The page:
During low-flow manually-controlled anaesthesia (MCA) the anaesthetist needs constantly adjust end-tidal oxygen (EtO2) and anaesthetic concentrations (EtAA) to assure an adequate and safe anaesthesia. Recently introduced anaesthetic machines can automatically maintain those variables at target values, avoiding the burden on the anaesthetist. End-tidal-controlled anaesthesia (EtCA) and MCA provided by the same anaesthetic machine under the same fresh gas flow were compared. Eighty patients were prospectively observed: in MCA group (n = 40) target end-tidal sevoflurane (1 %) and EtO2 concentrations (≥35 %) were manually controlled by the anaesthetist. In EtCA group (n = 40) the same anaesthetic machine with an additional end-tidal control feature was used to reach the same targets, rendering automatic the achievement and maintenance of those targets. Anaesthetic machine characteristics, amount of consumed gases, oxygen and sevoflurane efficiencies, and the amount of interventions by the anaesthetist were recorded. In EtCA group EtAA was achieved later (145 s) than in MCA (71 s) and remained controlled thereafter. Even though the target expired gas fractions were achieved faster in MCA, manual adjustments were required throughout anaesthesia for both oxygen and sevoflurane. In MCA patients the number of manual adjustments to stabilize EtAA and EtO2 were 137 and 107, respectively; no adjustment was required in EtCA. Low-flow anaesthesia delivered with an anaesthetic machine able to automatically control EtAA and EtO2 provided the same clinical stability and avoided the continuous manual adjustment of delivered sevoflurane and oxygen concentrations. Hence, the anaesthetist could dedicate more time to the patient and operating room activities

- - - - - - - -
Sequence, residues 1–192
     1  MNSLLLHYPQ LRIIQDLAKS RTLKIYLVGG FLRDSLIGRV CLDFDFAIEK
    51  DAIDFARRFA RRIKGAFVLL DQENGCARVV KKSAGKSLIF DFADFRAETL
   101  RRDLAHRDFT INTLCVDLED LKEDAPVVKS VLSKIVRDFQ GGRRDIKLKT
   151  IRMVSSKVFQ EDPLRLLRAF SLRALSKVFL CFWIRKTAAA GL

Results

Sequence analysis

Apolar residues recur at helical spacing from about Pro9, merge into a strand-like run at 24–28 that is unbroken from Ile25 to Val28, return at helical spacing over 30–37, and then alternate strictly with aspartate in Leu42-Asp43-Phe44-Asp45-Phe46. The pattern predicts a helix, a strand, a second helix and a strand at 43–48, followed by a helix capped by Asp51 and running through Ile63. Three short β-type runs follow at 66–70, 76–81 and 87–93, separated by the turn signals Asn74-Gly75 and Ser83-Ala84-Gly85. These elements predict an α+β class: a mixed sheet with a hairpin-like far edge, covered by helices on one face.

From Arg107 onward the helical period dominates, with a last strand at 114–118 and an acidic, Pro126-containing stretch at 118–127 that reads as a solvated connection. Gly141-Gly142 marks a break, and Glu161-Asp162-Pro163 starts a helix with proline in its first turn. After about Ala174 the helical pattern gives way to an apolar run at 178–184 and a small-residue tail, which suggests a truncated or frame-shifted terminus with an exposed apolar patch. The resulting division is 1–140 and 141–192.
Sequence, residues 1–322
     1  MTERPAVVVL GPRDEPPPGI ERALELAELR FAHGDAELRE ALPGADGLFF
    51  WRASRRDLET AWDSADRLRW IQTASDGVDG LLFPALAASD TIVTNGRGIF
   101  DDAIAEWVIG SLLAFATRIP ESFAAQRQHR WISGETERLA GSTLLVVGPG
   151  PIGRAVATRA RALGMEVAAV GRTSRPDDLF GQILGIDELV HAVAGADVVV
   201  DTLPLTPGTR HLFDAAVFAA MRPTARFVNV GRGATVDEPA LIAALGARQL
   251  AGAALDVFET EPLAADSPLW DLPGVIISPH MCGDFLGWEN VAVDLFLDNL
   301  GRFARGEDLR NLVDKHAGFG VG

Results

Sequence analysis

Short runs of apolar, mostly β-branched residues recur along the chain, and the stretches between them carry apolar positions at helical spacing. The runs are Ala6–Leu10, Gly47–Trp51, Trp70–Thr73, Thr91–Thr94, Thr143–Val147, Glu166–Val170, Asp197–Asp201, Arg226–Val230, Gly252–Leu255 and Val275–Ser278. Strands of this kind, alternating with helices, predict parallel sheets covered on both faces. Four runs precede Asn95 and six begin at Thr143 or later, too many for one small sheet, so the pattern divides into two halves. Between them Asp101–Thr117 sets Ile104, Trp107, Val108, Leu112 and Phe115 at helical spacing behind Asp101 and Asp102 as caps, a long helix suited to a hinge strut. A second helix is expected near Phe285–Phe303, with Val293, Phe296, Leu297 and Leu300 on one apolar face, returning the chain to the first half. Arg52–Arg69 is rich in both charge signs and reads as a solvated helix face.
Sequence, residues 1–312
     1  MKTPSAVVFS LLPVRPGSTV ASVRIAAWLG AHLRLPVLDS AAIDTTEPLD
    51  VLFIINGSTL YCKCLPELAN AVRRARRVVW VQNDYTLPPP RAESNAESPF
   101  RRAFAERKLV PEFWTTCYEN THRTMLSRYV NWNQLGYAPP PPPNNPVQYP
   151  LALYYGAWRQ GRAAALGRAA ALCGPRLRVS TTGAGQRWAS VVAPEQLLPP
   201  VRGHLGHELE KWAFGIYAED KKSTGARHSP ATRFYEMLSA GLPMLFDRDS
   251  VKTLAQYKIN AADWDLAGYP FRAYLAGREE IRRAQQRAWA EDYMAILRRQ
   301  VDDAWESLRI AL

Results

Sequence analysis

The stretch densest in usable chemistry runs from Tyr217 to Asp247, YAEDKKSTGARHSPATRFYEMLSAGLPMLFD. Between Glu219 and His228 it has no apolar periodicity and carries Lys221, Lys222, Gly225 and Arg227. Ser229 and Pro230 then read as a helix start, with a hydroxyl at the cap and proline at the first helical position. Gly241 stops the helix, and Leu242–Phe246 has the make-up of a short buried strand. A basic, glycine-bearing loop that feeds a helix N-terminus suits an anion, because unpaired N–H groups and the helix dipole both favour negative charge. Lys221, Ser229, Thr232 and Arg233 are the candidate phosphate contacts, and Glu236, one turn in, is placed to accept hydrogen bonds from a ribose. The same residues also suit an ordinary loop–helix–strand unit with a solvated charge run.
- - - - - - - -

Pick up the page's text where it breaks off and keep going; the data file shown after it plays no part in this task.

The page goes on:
End-tidal versus manually-controlled low-flow anaesthesia

LUCANGELO, UMBERTO;BERLOT, GIORGIO;
2013

Abstract

During low-flow manually-controlled anaesthesia (MCA) the anaesthetist needs constantly adjust end-tidal oxygen (EtO2) and anaesthetic concentrations (EtAA) to assure an adequate and safe anaesthesia. Recently introduced anaesthetic machines can automatically maintain those variables at target values, avoiding the burden on the anaesthetist. End-tidal-controlled anaesthesia (EtCA) and MCA provided by the same anaesthetic machine under the same fresh gas flow were compared. Eighty patients were prospectively observed: in MCA group (n = 40) target end-tidal sevoflurane (1 %) and EtO2 concentrations (≥35 %) were manually controlled by the anaesthetist. In EtCA group (n = 40) the same anaesthetic machine with an additional end-tidal control feature was used to reach the same targets, rendering automatic the achievement and maintenance of those targets. Anaesthetic machine characteristics, amount of consumed gases, oxygen and sevoflurane efficiencies, and the amount of interventions by the anaesthetist were recorded. In EtCA group EtAA was achieved later (145 s) than in MCA (71 s) and remained controlled thereafter. Even though the target expired gas fractions were achieved faster in MCA, manual adjustments were required throughout anaesthesia for both oxygen and sevoflurane. In MCA patients the number of manual adjustments to stabilize EtAA and EtO2 were 137 and 107, respectively; no adjustment was required in EtCA. Low-flow anaesthesia delivered with an anaesthetic machine able to automatically control EtAA and EtO2 provided the same clinical stability and avoided the continuous manual adjustment of delivered sevoflurane and oxygen concentrations. Hence, the anaesthetist could dedicate more time to the patient and operating room activities
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Utilizza questo identificativo per citare o creare un link a questo documento: http://hdl.handle.net/11368/2765520
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